UPMC Video Rounds - Head and Neck Cancer Survivorship Clinic

July 27, 2020

 

Marci Lee Nilsen, PhD, RN, Assistant Professor in the University of Pittsburgh School of Nursing and School of Medicine, Department of Otolaryngology: 

We know that health literacy can impact several things. It can impact treatment adherence, it can impact quality of life, increased hospital costs, so we wanted to get a better understanding of where our head and neck cancer patients are in terms of health literacy.

So we actually started employing a screening tool for all the patients coming into the clinic. And what we saw were that about 17% of our patients had low health literacy, and we wanted to try to mitigate that one, with education. We make sure that they understand, and they can tell us back what we've talked about. We ask open-ended questions, but we also help with coordination of care.

We take a really multi-disciplinary approach to how we treat our head and neck cancer patients, and we've really created a network of not just nurses and physicians and radiation oncologists and medical oncologists, but allied health providers and speech-language pathologists and physical therapists and dentists.

And so one of the really nice things that we've created is this network. So when we refer a patient for something specific like lymphedema, we know where they live, and then we try to find out the physical therapist that's closest to them.

The other benefit of having this network is that if patients have a change, so if they have more pain or they're hospitalized, their physical therapists let us know so that we can then decide what needs to be done. Maybe we need to see the patient again. Maybe the patient needs to have more testing. And it really lets us identify issues early before they progress.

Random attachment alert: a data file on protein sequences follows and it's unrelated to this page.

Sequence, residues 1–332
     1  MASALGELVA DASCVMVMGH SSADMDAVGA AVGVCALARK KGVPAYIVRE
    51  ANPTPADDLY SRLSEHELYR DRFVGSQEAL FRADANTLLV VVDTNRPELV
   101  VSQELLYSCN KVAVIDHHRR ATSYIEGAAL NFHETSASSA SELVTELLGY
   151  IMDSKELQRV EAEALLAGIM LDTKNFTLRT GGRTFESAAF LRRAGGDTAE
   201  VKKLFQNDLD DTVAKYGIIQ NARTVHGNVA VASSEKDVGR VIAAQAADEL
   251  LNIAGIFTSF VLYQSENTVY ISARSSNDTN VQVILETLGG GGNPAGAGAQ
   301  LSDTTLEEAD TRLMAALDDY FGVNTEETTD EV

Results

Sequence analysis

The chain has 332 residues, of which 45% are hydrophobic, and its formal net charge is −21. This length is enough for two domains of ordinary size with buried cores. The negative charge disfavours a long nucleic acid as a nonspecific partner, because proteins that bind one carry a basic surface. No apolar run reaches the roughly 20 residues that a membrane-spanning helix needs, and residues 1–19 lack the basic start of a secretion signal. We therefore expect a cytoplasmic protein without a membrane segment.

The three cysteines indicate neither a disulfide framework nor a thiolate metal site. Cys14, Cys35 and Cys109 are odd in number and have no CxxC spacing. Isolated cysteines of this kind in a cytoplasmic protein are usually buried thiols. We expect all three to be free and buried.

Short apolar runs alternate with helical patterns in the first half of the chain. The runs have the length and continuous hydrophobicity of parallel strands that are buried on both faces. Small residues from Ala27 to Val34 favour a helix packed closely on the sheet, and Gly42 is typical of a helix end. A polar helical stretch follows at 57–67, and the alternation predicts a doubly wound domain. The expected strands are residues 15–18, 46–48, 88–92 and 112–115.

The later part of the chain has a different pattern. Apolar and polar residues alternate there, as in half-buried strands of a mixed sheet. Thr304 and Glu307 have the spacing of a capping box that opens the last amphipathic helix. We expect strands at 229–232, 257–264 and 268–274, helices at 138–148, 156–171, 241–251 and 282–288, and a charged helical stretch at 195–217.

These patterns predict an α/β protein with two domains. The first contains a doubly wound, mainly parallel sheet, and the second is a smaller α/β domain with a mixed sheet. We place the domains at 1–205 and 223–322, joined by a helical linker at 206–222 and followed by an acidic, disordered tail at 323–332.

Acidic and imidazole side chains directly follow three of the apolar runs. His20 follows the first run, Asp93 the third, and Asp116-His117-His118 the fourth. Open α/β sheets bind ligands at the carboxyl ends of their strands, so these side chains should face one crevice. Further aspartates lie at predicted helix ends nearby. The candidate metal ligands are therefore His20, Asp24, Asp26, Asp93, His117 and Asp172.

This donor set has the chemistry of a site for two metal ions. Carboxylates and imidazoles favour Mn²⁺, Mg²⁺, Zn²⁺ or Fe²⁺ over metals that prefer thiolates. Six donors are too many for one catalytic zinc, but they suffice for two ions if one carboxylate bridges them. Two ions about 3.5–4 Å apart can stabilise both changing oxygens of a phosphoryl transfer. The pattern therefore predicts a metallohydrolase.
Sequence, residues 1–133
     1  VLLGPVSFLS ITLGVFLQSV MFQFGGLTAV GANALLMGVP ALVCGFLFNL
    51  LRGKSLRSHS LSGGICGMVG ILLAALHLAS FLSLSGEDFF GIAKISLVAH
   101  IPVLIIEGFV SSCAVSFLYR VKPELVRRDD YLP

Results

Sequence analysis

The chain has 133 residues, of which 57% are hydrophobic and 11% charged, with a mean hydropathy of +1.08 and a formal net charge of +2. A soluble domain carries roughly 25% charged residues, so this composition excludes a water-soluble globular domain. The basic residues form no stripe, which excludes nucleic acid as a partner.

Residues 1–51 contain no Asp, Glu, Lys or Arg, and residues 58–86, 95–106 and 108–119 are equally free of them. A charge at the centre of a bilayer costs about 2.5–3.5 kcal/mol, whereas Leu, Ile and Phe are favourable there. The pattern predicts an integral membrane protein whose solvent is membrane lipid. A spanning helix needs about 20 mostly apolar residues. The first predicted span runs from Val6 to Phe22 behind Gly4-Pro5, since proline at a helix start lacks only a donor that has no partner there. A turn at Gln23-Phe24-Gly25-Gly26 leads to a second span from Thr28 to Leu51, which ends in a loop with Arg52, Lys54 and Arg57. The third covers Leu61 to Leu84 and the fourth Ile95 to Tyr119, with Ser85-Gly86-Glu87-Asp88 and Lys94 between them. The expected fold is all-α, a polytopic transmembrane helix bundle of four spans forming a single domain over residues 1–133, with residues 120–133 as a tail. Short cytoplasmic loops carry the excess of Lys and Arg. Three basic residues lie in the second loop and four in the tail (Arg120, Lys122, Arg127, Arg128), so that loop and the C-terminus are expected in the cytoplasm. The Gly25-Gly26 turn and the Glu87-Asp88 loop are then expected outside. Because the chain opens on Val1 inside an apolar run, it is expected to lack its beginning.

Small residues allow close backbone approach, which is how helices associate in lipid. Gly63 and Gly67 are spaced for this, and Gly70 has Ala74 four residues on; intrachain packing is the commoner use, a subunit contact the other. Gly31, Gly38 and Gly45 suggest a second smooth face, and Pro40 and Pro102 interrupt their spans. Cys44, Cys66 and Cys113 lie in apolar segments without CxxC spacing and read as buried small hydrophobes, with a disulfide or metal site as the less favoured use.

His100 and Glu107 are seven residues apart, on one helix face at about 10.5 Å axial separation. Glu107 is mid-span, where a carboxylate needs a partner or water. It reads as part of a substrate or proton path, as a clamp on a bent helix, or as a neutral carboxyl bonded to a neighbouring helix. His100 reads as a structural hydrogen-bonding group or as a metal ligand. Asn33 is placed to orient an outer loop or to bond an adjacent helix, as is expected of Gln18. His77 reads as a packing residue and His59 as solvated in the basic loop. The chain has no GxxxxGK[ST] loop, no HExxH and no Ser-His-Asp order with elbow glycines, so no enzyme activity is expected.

So we know that patients go through intensive treatment, and at the end, most of them look for that end date, and they wait for it, and they feel like their symptoms and their treatment effects are just going to go away. And so we do follow them closely for surveillance for the first five years.

But even after that, we need to worry about other things like swallowing trouble, so patients can have dysphasia late. And so it's really important for us to educate them, provide them written materials that they can understand, and give a person, give them someone to contact so that if they start to develop those problems, they know who to call and not just go in and see a doctor who may not even understand how complex their issues are because of their history. 

So this really allows us to ask the patient what their having trouble with, identify what is bothering them, so the top three, four, five issues that they're having, and it allows us to focus their care.


Interested in receiving specialty-specific information? Register for UPMC Physician Resources to get emerging research, clinical updates, and free CME straight to your inbox.